Sarada and Sajana Sajeevan: Like mother, like daughter

The all-rounder from Mananthavady, who grew up watching her mother's social work, made her India debut in the first T20I against Bangladesh on Sunday.
Sajana with her mother Sarada and father Sajeevan in her childhood.
Sajana with her mother Sarada and father Sajeevan in her childhood.Photo | Special Arrangement

CHENNAI: On Monday, less than 24 hours after the first T20I between India and Bangladesh concluded in Sylhet, Sarada Sajeevan was at a family function in Mananthavady. Being the Councillor of Gorimoola ward in the district and having been involved in public service for almost three decades, Sarada is a familiar figure in the district. Wherever any of her family members go, they are recognised by her name.

However, something had changed permanently on Sunday. Sarada and Sajeevan's daughter, Sajana, had made her debut for the country. And it instantly reflected at the function Sarada was attending.

"Everyone was so happy; they were like, 'Look, Indian player's mom is going, Indian player's mom is going'. I have got that label now," Sarada laughs.

"A long time ago, she told me, 'When I go to town, people will call me Sarada's daughter. I want to change that. I want them to know you as Sajana's mother. Now, it has happened," says Sarada.

One can sense the joy and pride in Sarada's voice as she talks about her daughter. She and Sajeevan were glued to the stream (there is no TV broadcast for the series) at their house, Sajana Nivas, in Choottakkadavu, hoping that their daughter would get a chance to bat in the first T20I.

And when she finally came out to bat at No. 6, they were over the moon. Sajana got out for a run-a-ball 11 and India won the match by 44 runs. "Mole, rendu four adichu. (She hit two fours.) We were so happy. She is an India player now," Sarada laughs.

At this point, Sajana's journey is well known. Whether it is the hardships the family endured during the Kerala floods in 2018 or the financial struggles of pursuing cricket, it is all documented.

After the Kerala all-rounder got an opportunity in the Women's Premier League earlier this year, Sajana rose to fame with a first-ball six that helped the Mumbai Indians win the season opener against the Delhi Capitals.

While it was the moment that brought all the limelight on her, what, perhaps, has gone under the radar is the years and years of toil in domestic cricket.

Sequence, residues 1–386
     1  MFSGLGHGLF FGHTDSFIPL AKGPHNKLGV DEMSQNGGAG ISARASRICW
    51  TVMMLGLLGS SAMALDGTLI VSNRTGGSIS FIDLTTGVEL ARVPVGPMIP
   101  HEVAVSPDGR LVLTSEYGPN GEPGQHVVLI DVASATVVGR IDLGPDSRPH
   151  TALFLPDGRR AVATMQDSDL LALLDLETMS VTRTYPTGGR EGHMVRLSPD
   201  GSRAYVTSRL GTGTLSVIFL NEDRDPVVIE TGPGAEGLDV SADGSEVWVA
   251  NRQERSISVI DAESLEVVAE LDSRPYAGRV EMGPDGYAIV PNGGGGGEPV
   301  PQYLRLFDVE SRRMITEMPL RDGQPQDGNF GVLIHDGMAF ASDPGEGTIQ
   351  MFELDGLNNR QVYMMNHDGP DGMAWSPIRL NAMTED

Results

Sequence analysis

To put things into context, she had played 13 years of domestic cricket before getting a chance in the WPL. And beneath all the struggle and persistence is a grounded individual who wants to make things happen no matter what.

It is a trait Sajana has had from a very young age. With both her parents working, her father being an autorickshaw driver, and her mother, a panchayat ward member, Sarada enrolled her in a hostel at the age of six. And that is where Sajana took to sports. When she wanted to pursue cricket, Sarada did not hesitate.

"Everyone was afraid but not me. As someone who is involved in social work, I knew it was the right thing to do, to let her play. She used to play with boys and even if people around said something to me I have never told her anything. I know she can take care of herself. Maybe I was worried a little later, but when I saw the prizes she had won, the hesitation went away. I keep telling her 'You are a brave woman and go and do whatever you want'. She knows that too," Sarada recalls.

Listening to her talk about Sajana, it is hard not to notice Sarada's influence in shaping her daughter's life. Sarada became a panchayat ward member after she got married. In the past 30 years, she has seen everything as a public servant.

"When I got into politics, I did not know much. Then, I read a lot and learned on the job. Back then, we lived in a small room. After ten years of hard work, we finally got this house in a government allotment. I became a notable panchayat president because of my public service. I have just not gone to jail, everything else I have endured in my public service. Sajana saw all the struggles while growing up so she knows it too. Even during COVID, Sajana was inspired by the community kitchen scheme and used to give tea and food in the morning and evening to the families in our neighbourhood and the police who were on duty. They all adored her."

While Sarada had her share of influence in Sajana becoming the person she is and is grateful for everyone who has helped her along the way, she credits her daughter for being her own woman. "She brought herself up all on her own," she says.

"She never said she would study, but she always said she would play cricket and achieve something. She used to say, 'Even if I don't make it as a player, I will coach a few kids and make a living for myself, amma'. We have not travelled outside to see her play (in WPL). She said she would take us one day on a flight. It is such a blessing to have such a daughter," says Sarada.

The house they live in at the moment has one room on the ground floor where Sajana and her brother stay, while her parents live upstairs in an incomplete room.

"The house is still not cleared (loan). Despite all the struggles, she has got here and now our family will be fine. That is what I was feeling (when she got selected for India). Because to see your children achieve things and do things for you is a blessing. I have given my daughter to Choottakkadavu, to Mananthavady, to Kerala, and to India. If our daughter does well, it is a matter of pride for everyone, right?" Sarada signed off.

Related Stories

No stories found.

The New Indian Express